I get a lot of Hammer Heads at auctions for next to nothing. Typically they have a broken or missing handle. I like to make my own custom handles out of hardwood obtained from our property. It is fun to make these unique handles. I am not very artistic, but I do like to make functional items with a bit of character. I recently made a Carving Fixture to hold the wood while carving. This Instructable will describe how to make your own hammer handle from a piece of hardwood.
Step 1: Items Required
You only need a few item to make a hammer handle
A piece of hardwood big enough to make the handle
A Draw Knife
A couple of wood rasps
Sandpaper – 80 and 150 grit
Away to hold the piece. I used my Carving Fixture (Posted as another Instructable)
Sharpie or pencil
Linseed or Tung oil or other finish
Step 2: Obtain the Raw Material
I start by splitting off a chunk of wood from a log.
The logs I use have been stored inside a storage shed for a few years. When I find a nice, log I set it aside for handle stock. My wood of choice is Black Locust. I use it because we have a lot of it. It is quite tough and rot resistant. The grain is full of character and all the handles are unique.
Secure the wood so you can start shaping it.
Start with the draw knife making a flat surface on one side of the piece. When you have it flattened, flip it over and flatten the other side. The piece should be long enough to cut an inch or two off each end.
Step 3: Draw and Shape the Wide Profile
Draw a profile of the handle on the flat surface. Sketch in the section where the head will connect to the handle. Use the draw knife and cut down to the profile you drew. Flip the piece over and do that to the other side.
Step 4: Draw and Shape the Narrow Profile
Once the side profile of the handle is done, sketch in the narrow profile. Use the draw knife to shave this to size. Mark out the width of the post to mount the hammer head. Carve it to rough shape. You should now have a rough looking boxy handle.
Step 5: Shape the Handle
Start rounding the corners of the handle with the Draw knife. Do nut cut too deeply or be too aggressive. When I get it close to final shape, I use a large wood rasp to give it a final contour. I then go over with a finer rasp to get it to its final shape.
Step 6: Shape the Post for the Tool
Use a small rasp to shape the tool support portion of the handle. Round the shoulder where the Hammer head will stop and get it to a nice shape. Then start rounding the tool support post. Round the corners and work it down to were it just starts to fit in the Hammer Head. Now you are ready to fit the handle to the tool.
Step 7: Fitting the Hammer Head Try 1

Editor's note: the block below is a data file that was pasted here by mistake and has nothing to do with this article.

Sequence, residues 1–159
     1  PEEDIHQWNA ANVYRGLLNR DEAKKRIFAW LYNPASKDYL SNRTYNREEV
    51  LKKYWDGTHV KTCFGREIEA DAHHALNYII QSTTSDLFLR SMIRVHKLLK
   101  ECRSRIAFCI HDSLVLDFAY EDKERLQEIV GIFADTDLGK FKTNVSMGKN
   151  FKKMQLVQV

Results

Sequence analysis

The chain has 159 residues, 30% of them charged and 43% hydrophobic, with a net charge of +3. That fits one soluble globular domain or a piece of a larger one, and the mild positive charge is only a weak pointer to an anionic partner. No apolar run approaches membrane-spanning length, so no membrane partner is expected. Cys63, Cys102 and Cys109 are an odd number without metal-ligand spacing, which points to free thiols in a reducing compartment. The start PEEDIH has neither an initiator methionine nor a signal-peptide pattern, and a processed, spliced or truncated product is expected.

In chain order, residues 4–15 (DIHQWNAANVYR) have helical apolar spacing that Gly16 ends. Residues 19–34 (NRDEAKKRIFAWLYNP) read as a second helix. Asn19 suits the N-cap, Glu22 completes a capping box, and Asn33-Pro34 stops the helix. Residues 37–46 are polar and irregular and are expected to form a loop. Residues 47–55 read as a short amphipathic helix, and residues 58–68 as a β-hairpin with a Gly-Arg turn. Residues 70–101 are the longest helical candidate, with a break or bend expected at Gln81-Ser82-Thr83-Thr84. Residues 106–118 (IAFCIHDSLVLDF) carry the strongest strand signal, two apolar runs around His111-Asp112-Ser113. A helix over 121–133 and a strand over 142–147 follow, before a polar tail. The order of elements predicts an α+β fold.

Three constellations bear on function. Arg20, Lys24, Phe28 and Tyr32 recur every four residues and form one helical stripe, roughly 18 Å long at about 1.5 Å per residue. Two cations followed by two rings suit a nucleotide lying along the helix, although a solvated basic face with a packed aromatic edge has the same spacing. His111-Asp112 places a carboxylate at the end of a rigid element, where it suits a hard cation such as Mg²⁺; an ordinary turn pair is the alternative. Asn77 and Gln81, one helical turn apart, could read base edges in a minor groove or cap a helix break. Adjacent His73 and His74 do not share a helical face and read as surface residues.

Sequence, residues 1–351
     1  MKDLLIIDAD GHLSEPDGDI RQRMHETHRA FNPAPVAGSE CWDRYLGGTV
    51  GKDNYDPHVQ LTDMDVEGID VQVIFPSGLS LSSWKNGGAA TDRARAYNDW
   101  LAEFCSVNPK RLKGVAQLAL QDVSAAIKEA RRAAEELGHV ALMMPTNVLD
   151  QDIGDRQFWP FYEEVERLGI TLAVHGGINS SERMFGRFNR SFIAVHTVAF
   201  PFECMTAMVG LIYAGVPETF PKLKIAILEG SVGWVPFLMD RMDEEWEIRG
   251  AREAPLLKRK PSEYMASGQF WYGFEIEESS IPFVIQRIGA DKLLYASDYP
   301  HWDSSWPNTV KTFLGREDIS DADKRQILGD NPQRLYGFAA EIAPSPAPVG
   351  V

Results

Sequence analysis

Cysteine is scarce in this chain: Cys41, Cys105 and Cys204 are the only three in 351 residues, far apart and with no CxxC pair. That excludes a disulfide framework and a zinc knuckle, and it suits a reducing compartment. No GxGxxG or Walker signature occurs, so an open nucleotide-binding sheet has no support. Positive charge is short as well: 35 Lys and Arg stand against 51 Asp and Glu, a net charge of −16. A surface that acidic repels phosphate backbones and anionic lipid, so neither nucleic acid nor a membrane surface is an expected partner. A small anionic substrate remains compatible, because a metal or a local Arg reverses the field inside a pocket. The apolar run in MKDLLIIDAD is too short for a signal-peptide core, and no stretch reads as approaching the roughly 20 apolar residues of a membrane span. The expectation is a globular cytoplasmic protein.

When the handle just starts to fit into the hammer head, press the handle in by hand as far as you can. Then take another hammer and give a couple of solid hits on the back of the handle. Do not hit it too hard. Tap the head off of the handle and observe the marks where the tool is dragging. Take a file and clean up this interference area. File down the post to match the area where the handle was fitting OK. Take your time. The closer you can make this fit, the better the results will be!
Step 8: Fitting the Hammer Head Try 2 and 3
Repeat the process you did in step 6. Put the head on the handle, hit the back of the hammer handle with a hammer and drive on the tool until it stops. Tap the Hammer head off the handle and file off the interference areas. I did this 3 times. The 3rd time the hammer head was about 1/4" from being on the shoulder of the handle. I knew if I filed a little off, the next fitting would be the last time I needed to drive the hammer together. Before I put the Hammer Head on for the final time I sanded the handle.
Step 9: Sand the Handle
It is easier to sand the handle without the hammer head mounted, so I sand it right before I drive it on for the last time. I use 80 grit paper and go over the entire handle cleaning up all of the marks made by the rasp. Then I go over it with 150 grit paper for the final finish. I do not like to sand it before everything is fit up because you are likely to ding it during the fitting process.
Step 10: Final Assembly
Drive on the Hammer head for the last time. There should be an inch or so of material sticking out. Use a Hacksaw to cut the excess off flush with the hammer head. I also trimmed off the bottom of the handle to make it a comfortable size and to remove the battered up end from clamping and hammering. I took a file to make a chamfer on the base of the handle to give it a finished look. To secure the head of the hammer, drive in a wedge to split and expand the wood into the hammer head. I saved the wedge from the broken handle I removed from this hammer, It was a circular wedge. I never saw one like that before.
Step 11: Finishing
Do one final sanding to clean up the cuts you just made on the handle. Put some sort of finish on the handle. I used Linseed oil on this handle. I applied 4 coats allowing it to dry between each coat. The handle has a little character to it and serves the purpose well.
Step 12: Summary
The handles made out of locust have tiny knots, lines and variations in the wood. I have yet to break a locust handle. Here are a few of the other handles I made. It generally takes me a couple of hours to make a handle. I realize they are cheap enough to purchase, but this is fun and something enjoyable to do. Plus the shavings make great kindling for camp fires!
Thank you for reading this Instructable. Let me know if you have any ideas or suggestions.